We see the same thing happen with the mass media. As fewer companies own more radio stations, television stations, and cable subscribers, they have an ever greater interest in behaving “responsibly.” The fewer the companies providing news coverage, the fewer companies need persuasion. The increasingly fewer media companies willing to defy the “powers that be” on important issues grow smaller, while those that toe the government’s line receive rewards in the form of merger approvals, further deregulation, and enhanced copyright controls. Defiant companies are marginalized and pushed off the 500 channel cable or DBS universe controlled by the handful of “responsible” companies that own these distribution mechanisms. While news may remain “discoverable,” it is drowned out by the much larger chorus of voices all controlled by the same handful of “responsible” media companies.

It was once thought that the internet would make this sort of censorship impossible. But remember that for most subscribers, internet access is controlled by the same “responsible” media and telecom companies. Once again, outsourcing Big Brother lets the government infringe free speech, while encouraging corporations to censor speech for their own ends.

This is grim news, but there are still some technologies for freedom. If we cannot save the broadband wires, we can still take to the airwaves. Unlicensed spectrum, uncontrolled by government and not subject to monopolization by a few companies, can provide us with a new avenue for free speech. This does not eliminate the need to restore the old rules of common carriage and interconnection – lest these unlicensed spectrum networks become islands in a “responsibly managed” national network – but it does provide a way to slow down the outsourcing of Big Brother and remind people what real freedom of speech is about.

We have relied on licensed use of spectrum for so long, unlicensed spectrum seems impossible to imagine on a large scale. Since the 1920s, we have accepted as true that the government must limit access to public airwaves to a few licensees. Otherwise, everyone would interfere with each other and the end result would be static.

But interference is not a product of physics, but of technology. When we depended on blasting signal to dumb receivers, licensing made sense. But we no longer have to do that. We can now build “smart radios” capable of sending and receiving signals at low power, and avoiding interference with other users. “Wifi” is one popular example of unlicensed spectrum that works like this.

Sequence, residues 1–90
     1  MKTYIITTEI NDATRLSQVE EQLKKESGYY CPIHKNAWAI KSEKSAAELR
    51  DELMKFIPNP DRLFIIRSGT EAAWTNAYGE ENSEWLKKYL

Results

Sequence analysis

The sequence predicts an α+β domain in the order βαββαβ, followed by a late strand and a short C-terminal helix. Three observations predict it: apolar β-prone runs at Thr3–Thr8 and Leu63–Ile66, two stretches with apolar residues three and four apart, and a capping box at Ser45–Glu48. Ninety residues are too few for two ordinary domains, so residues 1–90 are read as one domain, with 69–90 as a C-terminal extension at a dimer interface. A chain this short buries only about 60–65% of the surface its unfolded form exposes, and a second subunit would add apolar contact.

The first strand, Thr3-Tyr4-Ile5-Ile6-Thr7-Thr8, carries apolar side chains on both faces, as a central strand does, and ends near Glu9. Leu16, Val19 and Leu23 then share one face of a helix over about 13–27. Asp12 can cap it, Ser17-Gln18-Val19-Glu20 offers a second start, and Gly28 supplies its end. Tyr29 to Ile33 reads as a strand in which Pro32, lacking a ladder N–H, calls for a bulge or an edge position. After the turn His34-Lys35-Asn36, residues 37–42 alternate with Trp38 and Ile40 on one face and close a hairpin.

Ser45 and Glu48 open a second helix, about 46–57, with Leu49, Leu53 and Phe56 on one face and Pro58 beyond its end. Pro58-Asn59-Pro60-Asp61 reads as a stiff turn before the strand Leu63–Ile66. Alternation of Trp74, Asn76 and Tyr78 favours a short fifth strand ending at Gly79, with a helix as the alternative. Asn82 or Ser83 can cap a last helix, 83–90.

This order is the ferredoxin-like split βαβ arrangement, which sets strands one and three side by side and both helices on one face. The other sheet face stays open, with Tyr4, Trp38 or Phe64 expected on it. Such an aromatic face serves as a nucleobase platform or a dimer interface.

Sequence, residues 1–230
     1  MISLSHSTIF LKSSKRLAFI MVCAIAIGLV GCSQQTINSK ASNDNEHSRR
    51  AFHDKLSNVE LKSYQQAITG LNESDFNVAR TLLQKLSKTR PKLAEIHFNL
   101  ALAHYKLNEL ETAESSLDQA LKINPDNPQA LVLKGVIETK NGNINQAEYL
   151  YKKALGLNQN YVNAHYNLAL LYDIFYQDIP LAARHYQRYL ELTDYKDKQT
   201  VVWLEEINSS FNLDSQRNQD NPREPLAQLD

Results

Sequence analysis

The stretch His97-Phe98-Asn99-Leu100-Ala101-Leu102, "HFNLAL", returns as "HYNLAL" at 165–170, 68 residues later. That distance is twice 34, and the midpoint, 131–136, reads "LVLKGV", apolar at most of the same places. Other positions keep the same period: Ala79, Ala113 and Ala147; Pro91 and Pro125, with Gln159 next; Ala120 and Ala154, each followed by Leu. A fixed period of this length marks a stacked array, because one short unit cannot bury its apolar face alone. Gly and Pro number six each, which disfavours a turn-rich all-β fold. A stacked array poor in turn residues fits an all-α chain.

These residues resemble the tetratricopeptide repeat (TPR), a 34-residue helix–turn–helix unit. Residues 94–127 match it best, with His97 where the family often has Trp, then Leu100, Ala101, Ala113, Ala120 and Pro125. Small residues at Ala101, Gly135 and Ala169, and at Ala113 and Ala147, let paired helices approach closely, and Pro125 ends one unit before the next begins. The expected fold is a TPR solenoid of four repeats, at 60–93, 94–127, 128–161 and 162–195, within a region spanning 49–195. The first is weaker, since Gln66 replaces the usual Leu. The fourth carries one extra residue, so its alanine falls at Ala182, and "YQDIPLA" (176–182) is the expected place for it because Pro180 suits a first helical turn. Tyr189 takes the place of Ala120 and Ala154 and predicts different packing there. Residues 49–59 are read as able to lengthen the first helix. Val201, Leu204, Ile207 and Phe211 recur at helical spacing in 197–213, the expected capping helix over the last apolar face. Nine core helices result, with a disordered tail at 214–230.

When we add together the capacities of the new smart radios, the increasing power of microprocessors to decode more information from signals, and the internet protocols for streaming video, audio and voice over IP, unlicensed spectrum access provides a work around for media concentration. Suddenly, I am a television station, a radio station, and my own phone company. Using a technology called “mesh,” I can send to my neighbors, and they can send to their neighbors, until we cover a neighborhood or even a city. At last, no more gatekeepers! I am empowered as never before to engage in all kinds of speech, as well as educational and economic opportunities. A true technology for freedom not subject to corporate control.

But, of course, it is not so easy or so simple. In the first place, government rules limit the availability of unlicensed spectrum. The rules limit what bands I can use, what power I can use, and how smart I can make my radios. As a result, the ever increasing demand for unlicensed spectrum is jammed into the same small “space” on the electromagnetic spectrum. No matter how good my radio at avoiding interference, it reaches a limit under the current rules.

Also, unless I can get common carriage and interconnection on a wholesale basis, I can’t move traffic outside my local unlicensed “cloud.” The refusal of larger networks to carry my traffic or allow people to reach me can isolate me as effectively as exiling me to a Pacific island and expecting me to communicate with the outside world by tossing messages in bottles into the sea.

I do not suggest that we can or should give up on the fight to save either mainstream media or broadband wires. For the foreseeable future, the majority of Americans will continue to get their news from newspapers, local radio and television, and cable news networks. The majority will continue to subscribe to broadband offered by cable companies or telephone comanies, and get news from website maintained by the major media companies. For this reason, the fight to prevent further consolidation and deregulation must continue.

But if we wish to create true technologies of freedom, not merely prevent the outsourcing of Big Brother, we have two fights on our hands. First, we need to improve the rules for unlicensed spectrum access. That means getting access to more bands of spectrum and removing artificial restrictions on smart radios.

It also means getting access to better quality spectrum. For reasons of physics, the bands occupied by radio and television are the “beachfront property” of spectrum. The signals can penetrate solid objects (like tree foliage), and require little energy to go long distances. Because broadcasting is a very inefficient and high-power form of spectrum use, it is possible to have low power unlicensed devices operate in the broadcast bands without interfering with television or radio viewing.

Congress and the FCC are considering these issues. Tech companies are lobbying hard for unlicensed spectrum. It is a very winnable fight. But it faces the stiff resistance of broadcasters, cell phone operators, and others who make their living from keeping access to the public airwaves a scarce, rationed commodity.

And, as I said, we need to fight to restore common carriage and interconnection. It will do no good to have developed the most free and most compelling speech in the world, yet remain unable to share it. I can already keep a diary. It is useful, but it is not a technology of freedom.

In conclusion, I know it seems odd to some here, even contrary to common sense, to lobby the government to protect free speech. Shouldn’t the government just get out of the way? But this too is the paradox of our time. It is an old adage that a sword cuts both ways, and so it is with modern mass media and the internet. We must chose between government regulation that protects the technologies of freedom, or deregulation that allows the government to outsource Big Brother. We must chose between the reality of free speech, or censorship in the guise of Libertarianism . If free speech is to remain free speech in fact, rather than free speech in name, we must not hesitate to demand that the government impose necessary safeguards on our right to speak and hear through the electronic media.